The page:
Rolling and rocking under our helmets, we felt a little like extras in a World War II movie, heading off to shoot an alpine scene as the low-geared truck bounced along old pineapple roads to the 1,500-foot elevation of the High Ropes Challenge Course and the first part of our four-hour tour.
Kapalua offers various activity packages on the mountain, at prices ranging from $60 to $350. (Kama‘aina rates apply for isle residents.) We chose a tour that combined the ropes course, the Leap of Faith and four zips.
Our first stop was the ropes course, whose six spans challenged us to tightrope across different styles of cable and rope bridges suspended forty feet from the ground. The continuous belay system prevented us from falling. Mark tried going “no-hands” on a cable and when he toppled, he barely dropped a foot before the harness and rope tethered to the line above him pulled taut. He clambered back up to continue.
We navigated the course with no further troubles, but one of our tour mates was overcome by fear. Our guide calmly talked the young California woman back to the central tower. After a pause, and a fair bit of whining, she went on to finish the course.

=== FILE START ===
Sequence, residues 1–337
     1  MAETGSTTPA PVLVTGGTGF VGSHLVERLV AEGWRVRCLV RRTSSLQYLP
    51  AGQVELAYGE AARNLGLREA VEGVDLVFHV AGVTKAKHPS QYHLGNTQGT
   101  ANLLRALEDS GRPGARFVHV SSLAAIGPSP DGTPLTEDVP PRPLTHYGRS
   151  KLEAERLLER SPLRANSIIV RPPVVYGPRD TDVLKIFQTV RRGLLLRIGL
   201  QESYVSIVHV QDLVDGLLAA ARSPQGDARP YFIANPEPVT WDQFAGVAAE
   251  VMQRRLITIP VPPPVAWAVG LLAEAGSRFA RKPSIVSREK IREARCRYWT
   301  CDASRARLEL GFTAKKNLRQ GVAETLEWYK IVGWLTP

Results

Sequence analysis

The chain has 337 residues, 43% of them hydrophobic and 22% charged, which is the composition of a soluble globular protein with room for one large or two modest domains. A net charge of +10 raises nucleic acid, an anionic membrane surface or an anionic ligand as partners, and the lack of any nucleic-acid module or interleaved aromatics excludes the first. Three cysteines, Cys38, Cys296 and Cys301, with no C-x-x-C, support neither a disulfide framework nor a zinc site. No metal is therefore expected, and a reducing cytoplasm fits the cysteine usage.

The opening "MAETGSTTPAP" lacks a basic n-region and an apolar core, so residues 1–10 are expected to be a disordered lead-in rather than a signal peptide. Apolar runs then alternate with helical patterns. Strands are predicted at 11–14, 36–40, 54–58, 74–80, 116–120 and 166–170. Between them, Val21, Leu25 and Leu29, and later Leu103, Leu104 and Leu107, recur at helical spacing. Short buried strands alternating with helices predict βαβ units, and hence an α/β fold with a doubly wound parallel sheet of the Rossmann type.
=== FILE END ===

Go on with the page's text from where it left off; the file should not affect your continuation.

We later learned that, while most visitors enjoy the ropes course, there’s the occasional person who needs reassurance to complete it. More rare are guests who are paralyzed by their fear. Our guide confided that most of those cases involve reluctant people who are persuaded by friends or family to “just give it a try.”
My advice is this: If you are deathly afraid of heights, and not interested in sweating your way through shock therapy, this is not the activity for you.
I thought the rope challenge was a blast. The professionalism of the guides and redundancy of the safety systems were reassuring. When I considered the liability exposure, I figured these guys must know what they are doing. Maiming guests is generally considered bad for business.
Statistically, all the activities in the ropes course are low risk—safer, I was told, than riding in a car or flying in an airplane. But the perceived risk made my chest pound when we moved from the ropes to the Leap of Faith, and I climbed to stand atop that thirty-two-foot pole.